In Defence of Meat

We are not ideally suited to a vegetarian diet. We can live on it but it has its limitations. So why be a vegetarian?

The front-line argument of every vegetarian I meet is factory farming. Granted, an obscenity. So what’s the best way to get rid of factory farming? Buy all your meat from small, local farms where the farmers live hands-on with their animals every day?  Or persuade everyone to change their fundamental nature, evolved over millions of years to make us supremely not only capable of eating everything, but thriving on an everything diet. We’re quite capable of vegetarianism, of course. But it is not what we’re built for.

Ohh, but the suffering of the poor animals, raised just to be turned into meat.

This is anthropomorphism at its purest. That argument supposes that because you wouldn’t like the idea a cow or sheep doesn’t. Its proponents project their consciousness and life experience on to an animal they know nothing about. I detect in this argument a transference of the individual’s anxiety about his own death.

It also begs the question: are they saying they shouldn’t be born? Would they rather not have been born, knowing they have to die? The gift of life is a gift to all creatures, surely? How can they know a cow doesn’t feel exactly the same way?

But it doesn’t. A cow’s brain is almost entirely devoted to looking for grass, choosing the best grass and getting it down ASAP. And its natural end in the wild is grim and painful and often slow, either taken down by a predator because they have grown weak or slowly starving because their teeth are worn away by all that coarse fodder. A good life eating grass and a sudden unexpected death is far preferable.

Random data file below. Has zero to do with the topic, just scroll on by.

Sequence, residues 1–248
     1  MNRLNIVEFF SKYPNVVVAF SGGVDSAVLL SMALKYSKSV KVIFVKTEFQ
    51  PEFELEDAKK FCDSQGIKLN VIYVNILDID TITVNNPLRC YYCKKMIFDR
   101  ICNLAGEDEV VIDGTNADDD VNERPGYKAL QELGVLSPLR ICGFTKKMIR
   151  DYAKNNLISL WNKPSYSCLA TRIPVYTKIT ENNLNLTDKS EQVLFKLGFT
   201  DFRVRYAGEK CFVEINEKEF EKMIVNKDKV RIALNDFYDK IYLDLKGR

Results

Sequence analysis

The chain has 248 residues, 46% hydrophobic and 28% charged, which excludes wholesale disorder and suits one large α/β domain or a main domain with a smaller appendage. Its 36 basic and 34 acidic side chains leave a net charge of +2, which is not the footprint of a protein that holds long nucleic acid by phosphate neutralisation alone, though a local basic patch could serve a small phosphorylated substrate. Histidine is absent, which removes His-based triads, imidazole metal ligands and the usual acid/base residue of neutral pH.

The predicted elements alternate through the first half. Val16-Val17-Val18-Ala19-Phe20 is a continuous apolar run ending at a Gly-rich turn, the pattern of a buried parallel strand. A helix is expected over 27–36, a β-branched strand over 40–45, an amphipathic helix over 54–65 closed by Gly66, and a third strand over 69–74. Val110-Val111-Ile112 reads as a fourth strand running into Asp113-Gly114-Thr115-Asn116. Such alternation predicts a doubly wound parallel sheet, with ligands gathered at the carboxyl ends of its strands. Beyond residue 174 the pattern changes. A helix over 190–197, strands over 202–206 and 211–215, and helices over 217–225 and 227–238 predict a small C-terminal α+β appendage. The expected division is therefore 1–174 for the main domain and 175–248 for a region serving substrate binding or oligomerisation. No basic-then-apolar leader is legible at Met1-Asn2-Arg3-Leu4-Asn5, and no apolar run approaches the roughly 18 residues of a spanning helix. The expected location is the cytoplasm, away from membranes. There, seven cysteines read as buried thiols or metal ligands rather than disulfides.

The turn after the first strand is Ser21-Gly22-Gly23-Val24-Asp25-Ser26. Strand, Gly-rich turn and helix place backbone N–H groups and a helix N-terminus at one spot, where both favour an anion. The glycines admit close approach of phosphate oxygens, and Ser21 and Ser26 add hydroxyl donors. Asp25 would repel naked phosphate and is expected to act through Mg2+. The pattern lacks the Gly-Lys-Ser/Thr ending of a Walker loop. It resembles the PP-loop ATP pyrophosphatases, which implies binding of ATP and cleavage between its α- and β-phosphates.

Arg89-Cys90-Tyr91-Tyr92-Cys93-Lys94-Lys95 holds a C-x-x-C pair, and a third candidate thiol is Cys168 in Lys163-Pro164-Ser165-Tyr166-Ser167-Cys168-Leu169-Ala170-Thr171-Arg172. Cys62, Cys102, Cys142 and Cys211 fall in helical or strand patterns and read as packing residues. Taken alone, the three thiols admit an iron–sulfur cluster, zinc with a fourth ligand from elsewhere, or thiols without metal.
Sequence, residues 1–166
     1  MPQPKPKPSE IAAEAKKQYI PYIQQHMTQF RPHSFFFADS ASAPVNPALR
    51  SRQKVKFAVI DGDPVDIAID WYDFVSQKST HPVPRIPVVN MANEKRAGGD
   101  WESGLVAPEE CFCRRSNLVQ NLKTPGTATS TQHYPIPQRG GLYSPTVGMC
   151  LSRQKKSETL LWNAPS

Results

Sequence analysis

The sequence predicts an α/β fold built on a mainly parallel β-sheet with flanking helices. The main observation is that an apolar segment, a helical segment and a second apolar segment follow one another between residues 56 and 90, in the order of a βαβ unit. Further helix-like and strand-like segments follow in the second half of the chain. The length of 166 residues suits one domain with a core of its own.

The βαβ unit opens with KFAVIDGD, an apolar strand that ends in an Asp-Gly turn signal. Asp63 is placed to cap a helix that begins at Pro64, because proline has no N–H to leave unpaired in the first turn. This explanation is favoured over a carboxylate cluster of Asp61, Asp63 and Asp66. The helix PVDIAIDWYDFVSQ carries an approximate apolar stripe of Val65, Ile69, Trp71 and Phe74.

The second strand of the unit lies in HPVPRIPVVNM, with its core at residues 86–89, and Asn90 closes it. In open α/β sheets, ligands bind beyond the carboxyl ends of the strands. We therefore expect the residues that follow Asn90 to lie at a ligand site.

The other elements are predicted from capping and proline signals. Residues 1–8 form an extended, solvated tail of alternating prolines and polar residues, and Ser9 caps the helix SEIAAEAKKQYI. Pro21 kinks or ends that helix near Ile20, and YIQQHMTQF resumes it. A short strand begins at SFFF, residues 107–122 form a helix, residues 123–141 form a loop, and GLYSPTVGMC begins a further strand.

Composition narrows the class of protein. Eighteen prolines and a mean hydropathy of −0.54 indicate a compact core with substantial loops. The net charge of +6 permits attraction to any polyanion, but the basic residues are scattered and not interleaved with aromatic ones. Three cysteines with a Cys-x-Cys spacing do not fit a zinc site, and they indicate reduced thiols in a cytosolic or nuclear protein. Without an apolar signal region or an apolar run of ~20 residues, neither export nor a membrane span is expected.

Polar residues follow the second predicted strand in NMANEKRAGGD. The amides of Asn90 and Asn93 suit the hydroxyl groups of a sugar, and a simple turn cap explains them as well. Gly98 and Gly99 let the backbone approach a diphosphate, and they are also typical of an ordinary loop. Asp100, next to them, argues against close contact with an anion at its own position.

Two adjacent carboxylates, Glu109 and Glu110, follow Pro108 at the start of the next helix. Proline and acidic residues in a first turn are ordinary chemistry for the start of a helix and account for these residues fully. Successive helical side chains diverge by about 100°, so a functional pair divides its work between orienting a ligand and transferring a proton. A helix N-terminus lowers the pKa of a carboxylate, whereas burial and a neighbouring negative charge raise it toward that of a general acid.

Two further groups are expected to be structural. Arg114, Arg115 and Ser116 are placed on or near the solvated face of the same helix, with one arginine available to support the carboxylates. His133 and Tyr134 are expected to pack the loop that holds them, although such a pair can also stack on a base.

Then there is the argument that they suffer while being transported to the works. I worked at a freezing works when I left school. I didn’t see much distress, probably because the herbivores we raise for slaughter are herd animals. The most calming thing for them is to be close to other animals. Look at a truck full of cows or sheep on the way to the works. They don’t seem that uncomfortable, although killing on the farm is obviously preferable. I have a share in a farm that raises some animals, and when we kill our own the animal goes through no suffering at all. A shotgun to the forehead and they’re dead.

But if we can do without it, why not? It’s a good question, and it goes to who we are. We coevolved with the animals and plants we depend on. As hunter gatherers we had a relationship with the natural world which in spite of all our civilisation we still have. We derive a deep, instinctive pleasure from seeing healthy, contented animals in a field. Imagine a world where we never saw that. How grim. Oh, but there’s the dairy industry. There would still be cows in the fields. And sheep and goats in some countries. The animal doesn’t suffer, eats its grass, gets milked, everyone’s happy. That’s the illusion, but cows give milk, bulls don’t. All the bobby calves get sent off to the works. Animals die for milk. I once taxed a lacto-vegetarian with this, one who abstained from meat on compassionate grounds. “Oh no,” he said, “cows will go on giving milk for as long as you milk them.” Perhaps it is possible to force a cow to do that but it’s not what they do naturally and not how dairy farming works. The cows dry off in autumn, get pregnant, deliver their offspring in spring. Then they suffer the misery of separation, something that has them bellowing in pain until the truck finally arrives to take away the calves. Both mother and calf bellow all day and all night, because the truck can’t wait around for the farmer to cut out the calves. They need to be penned and ready to load when it comes. It is far more compassionate on those grounds to eat meat and abstain from dairy.